Canadian Lawyer InHouse

April/May 2021

Legal news and trends for Canadian in-house counsel and c-suite executives

Issue link: http://digital.canadianlawyermag.com/i/1365049

Contents of this Issue

Navigation

Page 31 of 43

30 www.canadianlawyermag.com/inhouse FEATURE WHILE SOME PROJECTS were deferred or even cancelled as a result of COVID-19 restrictions, many infrastructure projects continued through the pandemic-induced shutdowns, with a range of new safety protocols in place, so industry players have been cautiously navigating the new landscape in uncertain times. In response to an ongoing infrastructure deficit, the federal government has announced a significant investment in transit infrastructure across Canada over the next number of years, offering cause for optimism for the future of the industry. Pivoting to adapt to a rapidly changing environment has been one of the major challenges facing developers throughout the past year, particularly given evolving health and safety protocols. "COVID has been a key challenge faced by Navigating the evolving landscape of infrastructure development In-house counsel are cautiously optimistic for the future of the industry amid government investment plans contractors of all sizes and in all sectors," says Sharon Vogel, a partner at Singleton Urquhart Reynolds Vogel LLP. "Everyone has been affected by having to introduce new measures on construction sites in compliance with Ministry of Labour guidelines and public health advice." Other significant challenges for contractors include changes in contract models and dealing with legislative change, Vogel says. "The implications of COVID have been a big focus for us, with everything from staying on top of changes to health and safety regula- tions, to really being nimble and dealing with a very dynamic and evolving situation," says Andrés Durán, senior vice president, legal services at EllisDon Group. Managing the construction of tower projects has been the biggest challenge, Durán says, due to capacity restrictions in elevators during the pandemic. "Some of these projects have hundreds of people on site every day," says Durán. "When you have elevators that normally have a capacity of 24 but social distancing reduces it to four or six, that has a big impact on how much work you can get done in a day." For Andrew Wallace, general counsel at PCL Construction Inc., the primary issue has been finding the appropriate risk-sharing model between general contractor and owner or between general contractor and other project participants across a suite of contracting models. "Different projects faced different impacts and that's necessitated a project-by-project evaluation of how we manage it," says Wallace. "The task for managing these issues has been one of flexibility and adapting to the circum- stances that applied to the particular project." The availability of insurance products will be another major issue for contractors in 2021, Wallace predicts. "In 2020, COVID forced us all to adapt quickly to circumstances that we had not previously imagined and, as a result, we found ourselves operating in zones of legal uncer- tainty and without precedents," says Wallace. "We could still have a few more COVID wild cards ahead of us." "COVID forced us all to adapt quickly to circumstances that we had not previously imagined and, as a result, we found ourselves operating in zones of legal uncertainty and without precedents." Andrew Wallace, PCL Construction Inc.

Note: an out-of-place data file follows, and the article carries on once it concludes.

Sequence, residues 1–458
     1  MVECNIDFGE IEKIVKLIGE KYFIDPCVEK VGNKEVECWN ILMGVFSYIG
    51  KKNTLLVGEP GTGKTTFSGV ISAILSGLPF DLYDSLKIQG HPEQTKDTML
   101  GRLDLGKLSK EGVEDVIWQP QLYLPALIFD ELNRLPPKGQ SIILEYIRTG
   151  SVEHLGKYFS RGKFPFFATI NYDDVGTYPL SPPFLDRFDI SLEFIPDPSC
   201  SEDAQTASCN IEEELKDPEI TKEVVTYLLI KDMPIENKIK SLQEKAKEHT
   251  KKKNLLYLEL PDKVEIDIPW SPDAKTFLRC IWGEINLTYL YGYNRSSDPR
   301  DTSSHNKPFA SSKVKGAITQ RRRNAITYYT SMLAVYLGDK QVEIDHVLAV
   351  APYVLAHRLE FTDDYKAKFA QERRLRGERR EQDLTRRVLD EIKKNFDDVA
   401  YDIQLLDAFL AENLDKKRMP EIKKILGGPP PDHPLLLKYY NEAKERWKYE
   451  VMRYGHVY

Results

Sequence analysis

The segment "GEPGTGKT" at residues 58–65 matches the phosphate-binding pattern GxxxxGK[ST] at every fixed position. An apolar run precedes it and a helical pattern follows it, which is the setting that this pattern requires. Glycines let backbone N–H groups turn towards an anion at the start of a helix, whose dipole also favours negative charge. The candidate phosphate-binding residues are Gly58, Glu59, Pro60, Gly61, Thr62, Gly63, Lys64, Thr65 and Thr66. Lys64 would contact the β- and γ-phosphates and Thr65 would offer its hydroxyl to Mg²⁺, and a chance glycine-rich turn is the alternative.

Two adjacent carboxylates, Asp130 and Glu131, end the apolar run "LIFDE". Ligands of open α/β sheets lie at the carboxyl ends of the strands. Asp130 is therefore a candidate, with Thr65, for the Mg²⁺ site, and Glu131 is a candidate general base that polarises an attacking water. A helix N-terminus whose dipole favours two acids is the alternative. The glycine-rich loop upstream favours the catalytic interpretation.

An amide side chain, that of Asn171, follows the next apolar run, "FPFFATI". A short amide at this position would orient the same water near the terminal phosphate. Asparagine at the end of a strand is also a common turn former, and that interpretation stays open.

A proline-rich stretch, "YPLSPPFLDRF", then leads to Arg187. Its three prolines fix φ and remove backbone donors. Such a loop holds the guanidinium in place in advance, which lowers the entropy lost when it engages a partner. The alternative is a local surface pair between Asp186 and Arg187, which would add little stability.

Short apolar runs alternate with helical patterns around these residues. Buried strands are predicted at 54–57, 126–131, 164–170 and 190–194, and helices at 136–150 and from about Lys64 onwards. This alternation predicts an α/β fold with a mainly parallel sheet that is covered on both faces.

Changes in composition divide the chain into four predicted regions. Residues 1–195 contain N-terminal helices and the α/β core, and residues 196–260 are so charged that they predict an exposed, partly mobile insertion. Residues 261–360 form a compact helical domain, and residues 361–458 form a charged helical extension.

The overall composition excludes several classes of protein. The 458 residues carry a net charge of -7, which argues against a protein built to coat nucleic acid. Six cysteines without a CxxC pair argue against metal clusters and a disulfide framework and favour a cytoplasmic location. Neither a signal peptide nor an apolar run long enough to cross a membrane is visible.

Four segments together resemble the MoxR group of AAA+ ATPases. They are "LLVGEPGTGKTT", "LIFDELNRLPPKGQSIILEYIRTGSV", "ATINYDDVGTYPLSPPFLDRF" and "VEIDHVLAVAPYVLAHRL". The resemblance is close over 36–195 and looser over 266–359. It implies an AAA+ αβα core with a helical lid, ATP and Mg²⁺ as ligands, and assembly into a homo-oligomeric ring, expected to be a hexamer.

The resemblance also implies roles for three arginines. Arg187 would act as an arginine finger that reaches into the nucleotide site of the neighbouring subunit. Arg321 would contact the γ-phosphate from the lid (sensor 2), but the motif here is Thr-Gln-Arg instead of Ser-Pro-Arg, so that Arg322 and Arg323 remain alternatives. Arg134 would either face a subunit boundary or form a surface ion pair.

Articles in this issue

Links on this page

Archives of this issue

view archives of Canadian Lawyer InHouse - April/May 2021